ABOUT MACS

MAINE ASSOCIATION FOR CHARTER SCHOOLS (MACS)

MACS supports all stakeholders in Maine’s public education system, focusing on Maine’s Charter Schools, Maine’s Charter School Commission, Maine school districts interested in authorizing new public charter schools, and individuals and groups interested in founding new public charter schools.

MACS is Maine’s “charter support organization” or “CSO”.  CSO’s evolved with the charter movement nationally. As each state passed its charter school law, a CSO stepped forward to lead that state’s public charter sector.

CSO leaders work together on the State Leaders Council of the National Alliance for Public Charter Schools, sharing, learning, and guiding the public charter sector nationally.  MACS has represented Maine on the State Leaders Council since 2008.

MACS, actually, became Maine’s CSO many years before the state’s charter law was passed (See MACS’ History), working with all stakeholders in collaboration with the National Alliance and the State Leaders Council to bring the best of public charter school practices to Maine’s public education system.

MACS is committed to improving public education programs for all children in Maine and supporting the public charter school community by:

  • Educating the public, policy makers and stakeholders about the power and potential of the charter school model;
  • Promoting high standards for public charter school authorizers and operators;
  • Facilitating collaboration among charter school boards, administrators, and teaching staffs;
  • Supporting charter school operators and founding groups as they create exceptional charter schools;
  • Collaborating with charter school associations in other states and national organizations to generate the expertise, technical support, and resources necessary to accomplish our mission and realize our vision.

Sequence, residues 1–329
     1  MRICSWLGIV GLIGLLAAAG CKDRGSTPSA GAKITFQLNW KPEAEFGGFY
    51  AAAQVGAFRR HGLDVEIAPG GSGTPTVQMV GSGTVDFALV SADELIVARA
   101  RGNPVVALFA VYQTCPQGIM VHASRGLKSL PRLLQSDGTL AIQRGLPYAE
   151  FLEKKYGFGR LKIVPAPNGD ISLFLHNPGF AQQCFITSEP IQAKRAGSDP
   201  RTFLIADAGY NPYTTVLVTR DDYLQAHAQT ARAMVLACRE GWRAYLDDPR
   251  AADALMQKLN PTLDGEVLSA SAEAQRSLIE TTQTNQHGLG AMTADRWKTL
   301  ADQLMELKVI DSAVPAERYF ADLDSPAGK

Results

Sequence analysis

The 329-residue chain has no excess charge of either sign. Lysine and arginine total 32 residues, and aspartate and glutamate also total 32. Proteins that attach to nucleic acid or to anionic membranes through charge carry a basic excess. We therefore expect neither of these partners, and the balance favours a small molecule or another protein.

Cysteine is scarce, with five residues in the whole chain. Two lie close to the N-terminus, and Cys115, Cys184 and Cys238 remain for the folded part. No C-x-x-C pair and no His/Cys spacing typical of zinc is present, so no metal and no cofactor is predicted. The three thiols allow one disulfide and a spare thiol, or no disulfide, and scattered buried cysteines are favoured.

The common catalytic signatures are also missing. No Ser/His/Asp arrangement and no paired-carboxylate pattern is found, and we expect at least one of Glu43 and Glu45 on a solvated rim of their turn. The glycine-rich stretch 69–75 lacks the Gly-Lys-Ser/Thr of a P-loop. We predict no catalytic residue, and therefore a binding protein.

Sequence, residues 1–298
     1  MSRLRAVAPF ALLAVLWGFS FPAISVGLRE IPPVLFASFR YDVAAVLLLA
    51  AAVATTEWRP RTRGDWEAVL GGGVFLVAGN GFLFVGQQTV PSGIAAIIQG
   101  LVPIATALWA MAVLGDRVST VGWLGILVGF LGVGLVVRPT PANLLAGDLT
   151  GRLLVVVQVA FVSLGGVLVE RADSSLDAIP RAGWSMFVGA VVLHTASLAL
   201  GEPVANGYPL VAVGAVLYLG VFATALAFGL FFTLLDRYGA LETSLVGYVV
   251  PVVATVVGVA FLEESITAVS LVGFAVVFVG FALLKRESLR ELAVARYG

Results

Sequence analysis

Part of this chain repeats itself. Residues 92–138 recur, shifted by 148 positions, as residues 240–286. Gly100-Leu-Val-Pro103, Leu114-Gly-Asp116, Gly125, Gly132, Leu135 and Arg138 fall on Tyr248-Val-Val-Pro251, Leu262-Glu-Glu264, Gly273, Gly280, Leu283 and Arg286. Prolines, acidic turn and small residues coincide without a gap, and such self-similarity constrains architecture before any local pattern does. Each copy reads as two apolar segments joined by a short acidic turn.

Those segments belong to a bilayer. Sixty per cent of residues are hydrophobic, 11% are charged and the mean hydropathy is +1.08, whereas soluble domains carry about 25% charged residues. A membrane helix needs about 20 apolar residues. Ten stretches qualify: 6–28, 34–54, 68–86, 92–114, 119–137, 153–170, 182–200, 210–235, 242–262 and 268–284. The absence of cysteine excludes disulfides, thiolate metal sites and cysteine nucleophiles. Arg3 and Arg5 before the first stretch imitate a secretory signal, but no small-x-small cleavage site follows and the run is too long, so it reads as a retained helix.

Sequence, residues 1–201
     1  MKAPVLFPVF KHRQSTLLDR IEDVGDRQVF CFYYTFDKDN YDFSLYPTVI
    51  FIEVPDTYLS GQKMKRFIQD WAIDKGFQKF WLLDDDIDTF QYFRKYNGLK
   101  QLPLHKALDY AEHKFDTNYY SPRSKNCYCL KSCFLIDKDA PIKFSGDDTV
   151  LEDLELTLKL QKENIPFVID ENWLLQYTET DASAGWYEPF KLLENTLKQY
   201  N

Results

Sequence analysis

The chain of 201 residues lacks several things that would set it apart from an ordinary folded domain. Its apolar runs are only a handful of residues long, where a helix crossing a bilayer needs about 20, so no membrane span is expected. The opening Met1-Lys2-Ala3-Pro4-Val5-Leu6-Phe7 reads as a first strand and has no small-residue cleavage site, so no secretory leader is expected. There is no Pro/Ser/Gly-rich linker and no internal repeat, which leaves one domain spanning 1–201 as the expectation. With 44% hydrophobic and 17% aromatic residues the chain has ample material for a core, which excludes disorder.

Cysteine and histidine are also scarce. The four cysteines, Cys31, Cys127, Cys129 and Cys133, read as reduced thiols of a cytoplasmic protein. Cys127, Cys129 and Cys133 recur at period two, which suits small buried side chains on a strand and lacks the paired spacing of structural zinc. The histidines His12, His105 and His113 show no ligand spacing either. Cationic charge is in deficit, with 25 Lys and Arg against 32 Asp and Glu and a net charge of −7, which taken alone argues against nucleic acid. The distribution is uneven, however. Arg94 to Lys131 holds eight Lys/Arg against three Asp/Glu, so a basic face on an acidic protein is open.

MACS’ History

In 1993, MACS founders discovered the new, innovative charter school initiative in Minnesota and envisioned bringing the power and potential of the charter school model to the public education system in Maine.  MACS founders presented charter school bills to Maine’s legislature each year beginning in 1996, based on the experience, best practices, and model laws developed in other states.

In 2000, the Maine Association for Charter Schools was officially incorporated and in 2001, it received its 501 (c) (3) designation as a tax-exempt non-profit organization.

MACS worked persistently for eleven more years, informing Maine parents, teachers, educators, community members, business leaders, policymakers, and  educational leaders about the public charter school model and its potential for innovation and improved opportunities for Maine students.

Since 2008, MACS has represented Maine in the national charter school community, working closely with  charter school leaders from other states, the National Alliance for Public Charter Schools, the National Association for Charter School Authorizers, and the U.S. Department of Education.

Finally, in 2011, Maine became the 42nd state to officially join the public charter school movement, passing bi-partisan enabling legislation.  MACS was instrumental in the charter school law’s design and passage, and is proud that Maine’s law is hailed nationally as a model law, one of the best in the country for creating and sustaining high quality public charter schools.

In 2011 and 2012, MACS helped to implement the new law, working closely with Maine’s State Board of Education and Department of Education in establishing and training the Maine Charter School Commission, the public entity created under the charter law to authorize charter schools statewide.

Currently, Maine’s Charter School Commission has authorized nine public charter schools serving 2,240 children from over 100 towns in Maine.  The need for these new public school options is now clear, as of the schools have waiting lists of students wishing to enroll.

MACS is now working with new founding groups interested in creating new public charter schools, and with several local school districts exploring the possibility of authorizing charter schools themselves, within their jurisdictions, as Maine’s charter law allows.